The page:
THE BLACK Business Council (BBC) has called for the consultancy Bain & Co to be blacklisted from further government contracts for its role in furthering state capture.
This is in contrast to Business leadership South Africa's (BLSA)'s stance last week, where its chief executive Busisiwe Mavuso defended keeping the US management consultancy Bain & Co as a member, saying the firm is not “inherently corrupt”.
Meanwhile, Business Unity South Africa (Busa) chief executive Cas Coovadia said on Friday that the National Prosecuting Authority (NPA) should investigate all institutions and individuals that the Zondo report had recommended be investigated.
“The NPA must then prosecute in instances where it finds a prima facie case that pertains. Busa has also expressed a willingness to support the NPA in urgently investigating and bringing those found to have aided and abetted state capture to book,” said Coovadia.
The state capture Inquiry's first report was scathing in its assessment of Bain's consultancy work for The South African Revenue Service (Sars).
Justice Raymond Zondo, deputy chief justice and head of the inquiry, found Bain had colluded with former State President Jacob Zuma in a purge of key officials at Sars, and he called for all of Bain's public sector work to be re-examined.
BLSA had suspended Bain as a member in September 2018, but readmitted it as member last April after the company repaid Sars R164 million and took other steps, including new risk protocols and a leadership change.
Former Bain partner Athol Williams, who testified at the inquiry against his former employer, told the Moneyweb online publication that keeping Bain as a member of BLSA was a “middle finger” to South Africans.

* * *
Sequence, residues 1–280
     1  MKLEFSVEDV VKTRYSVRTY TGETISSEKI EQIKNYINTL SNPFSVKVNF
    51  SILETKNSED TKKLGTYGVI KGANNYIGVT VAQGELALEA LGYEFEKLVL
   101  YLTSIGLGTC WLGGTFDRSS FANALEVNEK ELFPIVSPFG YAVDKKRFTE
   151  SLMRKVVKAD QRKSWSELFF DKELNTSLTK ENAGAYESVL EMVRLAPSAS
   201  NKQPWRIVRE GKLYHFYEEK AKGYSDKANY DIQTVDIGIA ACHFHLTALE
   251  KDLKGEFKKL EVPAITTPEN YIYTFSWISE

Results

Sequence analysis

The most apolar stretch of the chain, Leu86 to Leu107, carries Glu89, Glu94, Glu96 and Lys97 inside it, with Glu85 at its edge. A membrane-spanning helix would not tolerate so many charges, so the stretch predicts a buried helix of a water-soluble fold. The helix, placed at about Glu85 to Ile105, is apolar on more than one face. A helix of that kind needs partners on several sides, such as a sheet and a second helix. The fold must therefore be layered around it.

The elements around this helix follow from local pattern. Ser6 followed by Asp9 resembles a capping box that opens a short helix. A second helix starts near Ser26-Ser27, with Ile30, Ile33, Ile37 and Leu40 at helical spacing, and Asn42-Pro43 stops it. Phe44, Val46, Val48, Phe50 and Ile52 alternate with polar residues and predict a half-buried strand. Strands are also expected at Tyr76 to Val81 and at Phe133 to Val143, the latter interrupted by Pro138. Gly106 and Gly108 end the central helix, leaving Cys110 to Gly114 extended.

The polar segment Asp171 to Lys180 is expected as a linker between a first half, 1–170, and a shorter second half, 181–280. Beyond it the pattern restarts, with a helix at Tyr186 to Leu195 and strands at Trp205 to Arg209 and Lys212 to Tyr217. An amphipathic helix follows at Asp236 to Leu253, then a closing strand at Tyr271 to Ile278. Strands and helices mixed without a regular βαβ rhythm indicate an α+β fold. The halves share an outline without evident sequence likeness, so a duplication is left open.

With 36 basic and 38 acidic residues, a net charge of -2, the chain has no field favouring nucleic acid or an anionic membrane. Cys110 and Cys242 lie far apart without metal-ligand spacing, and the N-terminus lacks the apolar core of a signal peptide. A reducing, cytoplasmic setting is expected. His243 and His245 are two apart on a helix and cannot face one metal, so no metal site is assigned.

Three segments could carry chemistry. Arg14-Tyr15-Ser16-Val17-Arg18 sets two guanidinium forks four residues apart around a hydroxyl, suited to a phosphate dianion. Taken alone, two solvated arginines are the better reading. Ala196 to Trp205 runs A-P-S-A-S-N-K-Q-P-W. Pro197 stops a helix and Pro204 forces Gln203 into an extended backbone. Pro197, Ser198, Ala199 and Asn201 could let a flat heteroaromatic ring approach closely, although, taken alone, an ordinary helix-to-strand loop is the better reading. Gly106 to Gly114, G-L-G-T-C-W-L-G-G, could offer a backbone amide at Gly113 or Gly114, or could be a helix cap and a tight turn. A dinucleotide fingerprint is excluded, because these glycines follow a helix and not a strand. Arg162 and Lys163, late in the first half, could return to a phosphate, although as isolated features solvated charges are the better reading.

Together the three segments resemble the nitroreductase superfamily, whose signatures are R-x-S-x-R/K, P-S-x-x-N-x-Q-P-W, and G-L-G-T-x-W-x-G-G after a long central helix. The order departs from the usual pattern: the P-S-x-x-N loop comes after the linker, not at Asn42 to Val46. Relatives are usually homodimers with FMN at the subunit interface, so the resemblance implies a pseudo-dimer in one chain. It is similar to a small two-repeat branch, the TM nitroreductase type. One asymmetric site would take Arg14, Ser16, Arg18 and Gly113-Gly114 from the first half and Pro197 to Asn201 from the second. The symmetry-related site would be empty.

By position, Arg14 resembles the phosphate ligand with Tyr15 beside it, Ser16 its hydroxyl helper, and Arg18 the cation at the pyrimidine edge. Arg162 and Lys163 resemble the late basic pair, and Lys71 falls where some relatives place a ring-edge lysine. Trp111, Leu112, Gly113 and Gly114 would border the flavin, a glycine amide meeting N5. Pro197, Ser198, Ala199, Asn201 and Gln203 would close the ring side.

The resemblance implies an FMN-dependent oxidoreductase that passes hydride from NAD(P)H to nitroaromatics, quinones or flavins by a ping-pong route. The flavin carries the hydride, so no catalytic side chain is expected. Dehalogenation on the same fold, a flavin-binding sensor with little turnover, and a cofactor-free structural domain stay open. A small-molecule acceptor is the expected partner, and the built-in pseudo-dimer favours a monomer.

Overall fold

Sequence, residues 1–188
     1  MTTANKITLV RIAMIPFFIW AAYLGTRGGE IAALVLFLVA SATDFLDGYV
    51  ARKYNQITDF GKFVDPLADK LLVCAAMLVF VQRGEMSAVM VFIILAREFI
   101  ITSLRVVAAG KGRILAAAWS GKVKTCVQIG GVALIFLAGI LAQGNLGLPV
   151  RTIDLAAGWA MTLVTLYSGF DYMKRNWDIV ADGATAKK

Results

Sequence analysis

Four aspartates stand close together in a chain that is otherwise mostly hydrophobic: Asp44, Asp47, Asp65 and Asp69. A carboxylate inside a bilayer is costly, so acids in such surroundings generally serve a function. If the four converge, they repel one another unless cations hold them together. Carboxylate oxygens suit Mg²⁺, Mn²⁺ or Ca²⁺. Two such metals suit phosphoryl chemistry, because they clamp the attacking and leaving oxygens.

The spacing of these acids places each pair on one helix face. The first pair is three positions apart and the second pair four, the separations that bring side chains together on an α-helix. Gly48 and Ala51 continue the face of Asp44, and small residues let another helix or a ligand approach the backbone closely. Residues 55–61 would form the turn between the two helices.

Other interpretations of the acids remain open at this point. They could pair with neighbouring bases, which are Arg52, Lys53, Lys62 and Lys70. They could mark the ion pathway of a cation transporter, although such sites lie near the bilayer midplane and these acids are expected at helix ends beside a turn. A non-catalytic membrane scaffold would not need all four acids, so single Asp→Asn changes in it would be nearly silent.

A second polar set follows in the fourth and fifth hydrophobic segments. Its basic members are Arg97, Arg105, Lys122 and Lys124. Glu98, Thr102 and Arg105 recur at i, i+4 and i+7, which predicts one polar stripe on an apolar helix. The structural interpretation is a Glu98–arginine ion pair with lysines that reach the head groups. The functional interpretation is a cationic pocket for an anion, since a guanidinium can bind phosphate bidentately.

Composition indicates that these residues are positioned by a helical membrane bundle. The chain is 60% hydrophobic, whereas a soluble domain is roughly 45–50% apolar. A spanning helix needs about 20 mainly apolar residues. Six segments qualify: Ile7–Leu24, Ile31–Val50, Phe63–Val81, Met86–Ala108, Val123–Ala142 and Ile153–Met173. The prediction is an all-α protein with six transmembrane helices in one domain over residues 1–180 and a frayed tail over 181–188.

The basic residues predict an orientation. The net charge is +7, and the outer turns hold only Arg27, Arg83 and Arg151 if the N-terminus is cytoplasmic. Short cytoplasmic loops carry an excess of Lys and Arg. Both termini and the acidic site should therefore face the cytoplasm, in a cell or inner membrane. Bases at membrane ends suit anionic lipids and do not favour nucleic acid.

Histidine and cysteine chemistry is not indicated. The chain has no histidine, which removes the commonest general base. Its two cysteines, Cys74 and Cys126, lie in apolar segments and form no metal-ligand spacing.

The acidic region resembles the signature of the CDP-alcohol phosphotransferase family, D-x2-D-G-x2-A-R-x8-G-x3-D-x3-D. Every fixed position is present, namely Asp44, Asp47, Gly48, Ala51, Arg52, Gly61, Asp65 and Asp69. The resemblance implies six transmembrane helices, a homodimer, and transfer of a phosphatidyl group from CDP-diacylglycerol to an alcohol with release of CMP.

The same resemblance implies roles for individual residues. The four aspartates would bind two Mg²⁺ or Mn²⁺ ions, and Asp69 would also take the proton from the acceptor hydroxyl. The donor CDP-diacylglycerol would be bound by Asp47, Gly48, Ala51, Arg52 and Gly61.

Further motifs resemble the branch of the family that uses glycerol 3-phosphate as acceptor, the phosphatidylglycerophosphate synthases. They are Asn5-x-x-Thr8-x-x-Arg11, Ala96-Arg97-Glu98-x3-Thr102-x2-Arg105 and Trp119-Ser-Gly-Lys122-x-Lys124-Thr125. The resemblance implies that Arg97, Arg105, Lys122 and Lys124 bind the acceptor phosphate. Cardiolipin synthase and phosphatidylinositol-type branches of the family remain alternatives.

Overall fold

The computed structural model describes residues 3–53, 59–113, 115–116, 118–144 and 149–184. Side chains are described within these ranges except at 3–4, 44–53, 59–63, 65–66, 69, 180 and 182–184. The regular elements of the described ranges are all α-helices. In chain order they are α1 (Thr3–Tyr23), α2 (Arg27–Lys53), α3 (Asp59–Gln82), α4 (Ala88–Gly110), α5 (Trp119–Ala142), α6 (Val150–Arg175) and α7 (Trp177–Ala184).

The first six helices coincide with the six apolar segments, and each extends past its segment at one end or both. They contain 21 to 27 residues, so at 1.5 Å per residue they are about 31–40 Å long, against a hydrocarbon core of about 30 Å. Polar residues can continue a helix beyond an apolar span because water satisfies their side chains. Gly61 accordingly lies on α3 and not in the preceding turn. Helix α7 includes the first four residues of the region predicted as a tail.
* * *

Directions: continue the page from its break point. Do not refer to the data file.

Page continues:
Last week former UK Cabinet Minister Lord Peter Hain also urged the UK government to ban Bain from doing business with that country's government.
“The BBC strongly believes the law should take its course on all who have been found to have played a part in procurement corruption in the Zondo Commission Report, without fear or favour. This should apply to all individuals, companies, whether big, small, black- or white-owned, local or global.
“Furthermore, those who have paid back the money, should still face the full might of the law, the BBC said on Friday.
“Reimbursing the state and getting off scot-free makes a mockery of our legal system and does not constitute sufficient punishment for wrongdoing.
“Repayment of R200m with interest is a clear admission of guilt by Bain,” said BBC chief executive Kganki Matabane.
BUSINESS REPORT ONLINE